In the late 1990’s, Eric Cadora, a young New Yorker working with a prison-reform nonprofit in New York City, had an inspiration.  The police were using crime statistics to create maps of “crime hot spots” in the city.  Eric did something similar–he used computer mapping to show where there were high concentrations of home addresses of people in jail, and he discovered that there were dozens of blocks in the city with so many incarcerated residents that the state was spending over a million dollars to send people to prison, only to have them leave jail and go back to the same conditions that left them no option but criminal behavior. The state was spending millions to imprison people, and next to nothing to alleviate the conditions that spawned that behavior to begin with.  The maps were a kind of visual “code red” message that got through to lawmakers at a basic level, and moved them to realize that “an ounce of prevention is worth a pound of prison.”  At a time when both budget cutting and public safety are high priorities for legislators, this message has a strong appeal, in spite of the blandishments of the prison lobby–and more on that later.

Brooklyn’s “Million Dollar Blocks”–and the runners-up

The researchers and lawmakers looked further, and realized that minor parole violations are a major cause of recidivism.  People were getting locked back up for missing appointments with their probation officers.  Easing up on that, as well as creating drug treatment programs, mental health programs, and, oh yeah, job training programs, has worked to reduce crime and recidivism.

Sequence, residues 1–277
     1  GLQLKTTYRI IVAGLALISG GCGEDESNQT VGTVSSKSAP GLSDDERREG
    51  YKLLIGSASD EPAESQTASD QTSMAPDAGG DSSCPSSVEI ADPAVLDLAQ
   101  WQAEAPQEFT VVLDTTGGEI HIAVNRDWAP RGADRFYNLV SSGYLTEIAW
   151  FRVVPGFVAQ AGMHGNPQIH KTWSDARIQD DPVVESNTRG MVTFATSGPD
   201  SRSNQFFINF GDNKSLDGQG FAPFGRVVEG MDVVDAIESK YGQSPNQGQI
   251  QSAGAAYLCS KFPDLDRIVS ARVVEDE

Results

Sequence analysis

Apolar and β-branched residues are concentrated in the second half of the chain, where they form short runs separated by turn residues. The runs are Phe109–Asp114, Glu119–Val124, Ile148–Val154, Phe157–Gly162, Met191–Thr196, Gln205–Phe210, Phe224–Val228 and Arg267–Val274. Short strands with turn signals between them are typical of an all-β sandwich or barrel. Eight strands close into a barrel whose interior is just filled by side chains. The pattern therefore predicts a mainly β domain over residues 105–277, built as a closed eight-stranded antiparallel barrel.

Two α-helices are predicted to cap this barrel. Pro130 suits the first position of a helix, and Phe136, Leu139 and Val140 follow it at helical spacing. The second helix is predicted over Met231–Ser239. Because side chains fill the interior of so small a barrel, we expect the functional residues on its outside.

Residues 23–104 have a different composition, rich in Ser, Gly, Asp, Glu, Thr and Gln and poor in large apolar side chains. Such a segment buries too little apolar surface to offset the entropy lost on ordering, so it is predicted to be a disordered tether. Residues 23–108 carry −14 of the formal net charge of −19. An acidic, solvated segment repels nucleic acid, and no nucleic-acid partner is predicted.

As any regular  reader or listener of mine knows, I have strong negative opinions about the value of most “drug treatment” and “mental health” programs, but at least this is a beginning.  As a Green, I would like to see community-originated programs replace social-welfare bureaucracy-inspired programs as the modus operandi of this redistribution of state spending.  Many of the “million dollar blocks” are concentrated in areas that are ripe for serious reclamation.There could be weatherizing and energy-efficiency programs, implemented by training residents in necessary skills.  There are abandoned buildings that could be rehabbed for locally or communally owned craft shops, stores and community centers. There are derelict buildings that could be removed, and empty lots that could be converted, into garden and park space–it has been demonstrated over and over again that increasing the number of trees in a neighborhood makes the residents happier, the air cleaner, and seems to reduce the crime rate.  No amount of money can create community, but creating a local economy provides a nexus in which community can happen.